Original Published on Jul 28, 2022 at 18:18
By J.P. Antonacci, Local Journalism Initiative Reporter
Who speaks for the Haudenosaunee?
That question is at the heart of a decades-long dispute between the elected and traditional governments on Six Nations.
Both councils say they are the sole authority on the reserve and beyond, with the exclusive right to meet with political leaders and developers looking to build on traditional Haudenosaunee territory along the Grand River.
“The law is clear that it is the elected government of the Six Nations of the Grand River with whom any consultation concerning development in the Haldimand Tract must occur,” Six Nations Elected Chief Mark Hill wrote in a July 11 letter to municipalities along the Grand.
Hill said the Supreme Court has “confirmed and recognized” elected council as “the only legitimate government of our Nation.”
But the Haudenosaunee Confederacy Chiefs Council — the traditional government led by hereditary clan mothers and chiefs — rejects that view.
“The elected band administration only belongs here on Reserve No. 40, and that’s it. They don’t go any further than that,” said Cayuga Chief Deyohowe:to (Roger Silversmith) outside the Onondaga Longhouse on Wednesday where he responded to Hill’s letter.
Deyohowe:to accused the elected council of co-opting traditional Haudenosaunee symbols “and the power Canada gives them through the Indian Act to give the impression they have authority.”
The band council system was created by the Indian Act of 1924 in what the Confederacy says was a move by Ottawa to supplant the traditional leadership.
“We will not be silenced or accept this latest attempt to eradicate our existence,” Deyohowe:to said.
“The elected council does not in any way, shape or form represent Haudenosaunee people on any issue.”
Hill could not be reached for an interview. In his letter, he blamed “certain provincial officials” for creating “confusion” for developers regarding who on Six Nations to consult. The elected chief said his council must be involved in all conversations, saying it would be “unacceptable interference in our affairs” for builders and politicians to hold “separate parallel discussions” with the Confederacy.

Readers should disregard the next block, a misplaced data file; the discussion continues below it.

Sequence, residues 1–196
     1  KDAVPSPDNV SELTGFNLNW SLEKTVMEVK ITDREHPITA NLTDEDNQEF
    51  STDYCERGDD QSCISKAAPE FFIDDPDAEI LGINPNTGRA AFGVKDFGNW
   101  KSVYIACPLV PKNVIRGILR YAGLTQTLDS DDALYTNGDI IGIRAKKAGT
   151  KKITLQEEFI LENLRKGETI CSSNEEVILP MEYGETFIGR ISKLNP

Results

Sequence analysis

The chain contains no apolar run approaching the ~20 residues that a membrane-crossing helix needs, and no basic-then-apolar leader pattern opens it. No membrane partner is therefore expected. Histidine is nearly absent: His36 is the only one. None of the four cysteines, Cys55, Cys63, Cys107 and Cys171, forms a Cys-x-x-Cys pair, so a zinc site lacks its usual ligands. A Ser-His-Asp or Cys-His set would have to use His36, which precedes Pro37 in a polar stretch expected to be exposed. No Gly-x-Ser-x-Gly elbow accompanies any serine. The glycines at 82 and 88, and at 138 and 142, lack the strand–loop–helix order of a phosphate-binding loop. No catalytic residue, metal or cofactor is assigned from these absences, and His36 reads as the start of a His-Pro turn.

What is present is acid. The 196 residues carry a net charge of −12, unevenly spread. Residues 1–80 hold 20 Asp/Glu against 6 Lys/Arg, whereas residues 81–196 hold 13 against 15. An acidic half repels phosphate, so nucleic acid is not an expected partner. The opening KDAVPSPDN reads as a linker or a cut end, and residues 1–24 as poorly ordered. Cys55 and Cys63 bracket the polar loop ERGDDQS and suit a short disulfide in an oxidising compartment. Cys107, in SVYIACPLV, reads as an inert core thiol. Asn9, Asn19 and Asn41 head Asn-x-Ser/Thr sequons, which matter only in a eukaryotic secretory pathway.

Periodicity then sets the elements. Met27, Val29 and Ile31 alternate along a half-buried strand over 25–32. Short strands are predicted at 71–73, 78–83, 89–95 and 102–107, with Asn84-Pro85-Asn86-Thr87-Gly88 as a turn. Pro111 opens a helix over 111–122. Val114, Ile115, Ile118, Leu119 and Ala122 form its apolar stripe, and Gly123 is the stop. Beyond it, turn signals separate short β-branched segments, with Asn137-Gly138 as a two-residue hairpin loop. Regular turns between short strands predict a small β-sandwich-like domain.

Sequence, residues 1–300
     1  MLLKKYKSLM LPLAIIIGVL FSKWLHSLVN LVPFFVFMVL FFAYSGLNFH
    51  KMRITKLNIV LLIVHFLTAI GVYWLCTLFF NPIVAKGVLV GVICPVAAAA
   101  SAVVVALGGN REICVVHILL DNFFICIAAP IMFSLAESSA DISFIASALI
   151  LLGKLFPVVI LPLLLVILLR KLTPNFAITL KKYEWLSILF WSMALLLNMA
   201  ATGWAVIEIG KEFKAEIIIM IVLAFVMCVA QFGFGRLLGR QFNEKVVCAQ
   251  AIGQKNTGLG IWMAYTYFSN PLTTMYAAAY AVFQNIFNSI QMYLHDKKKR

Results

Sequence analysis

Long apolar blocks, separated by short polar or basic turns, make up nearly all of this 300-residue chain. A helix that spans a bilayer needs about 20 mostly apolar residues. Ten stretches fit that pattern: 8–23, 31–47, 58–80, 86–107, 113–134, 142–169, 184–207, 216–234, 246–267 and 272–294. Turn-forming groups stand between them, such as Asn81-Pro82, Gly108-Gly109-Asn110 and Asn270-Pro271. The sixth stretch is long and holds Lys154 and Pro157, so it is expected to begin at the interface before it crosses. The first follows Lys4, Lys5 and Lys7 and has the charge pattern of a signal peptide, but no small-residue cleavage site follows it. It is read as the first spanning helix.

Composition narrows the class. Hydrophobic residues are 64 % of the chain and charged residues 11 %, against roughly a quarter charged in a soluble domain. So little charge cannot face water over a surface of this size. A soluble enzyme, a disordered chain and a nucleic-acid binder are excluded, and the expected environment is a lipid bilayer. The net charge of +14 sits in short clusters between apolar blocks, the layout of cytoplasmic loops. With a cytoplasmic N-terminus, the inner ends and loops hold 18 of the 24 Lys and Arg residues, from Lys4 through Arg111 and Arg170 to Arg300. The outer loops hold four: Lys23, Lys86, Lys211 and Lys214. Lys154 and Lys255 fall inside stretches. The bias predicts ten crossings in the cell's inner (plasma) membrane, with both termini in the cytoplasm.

“We hold our traditional leadership in high regard, maintaining ties of respect and frequent communication,” Hill wrote.
“But our reverence for their position and our traditions must not be used against us by external parties. The very idea creates suspicion and is seen as a ‘divide and conquer’ approach.”
Deyohowe:to said despite Hill’s claim of “frequent communication,” the two councils barely speak. “There’s really no communication at all,” he said.
To Deyohowe:to, the elected council is trying to get in on the development action. “They’re trying to get people doing business on their side. It’s about business.”
In April 2021, the Confederacy declared a moratorium on building within the Haldimand Tract lands — roughly 10 kilometres on either side of the full length of the Grand — unless developers and municipal councils consulted with the Confederacy’s development arm, the Haudenosaunee Development Institute.
That led to developers calling HDI and making environmentally responsible changes to their building plans, said Confederacy secretary Leroy Hill. “We’re not entirely against development. We’ve said that all along,” Leroy Hill said. “But it has to be responsible, and we need to be at the table.”
This item reprinted with permission from The Spectator, Hamilton, Ontario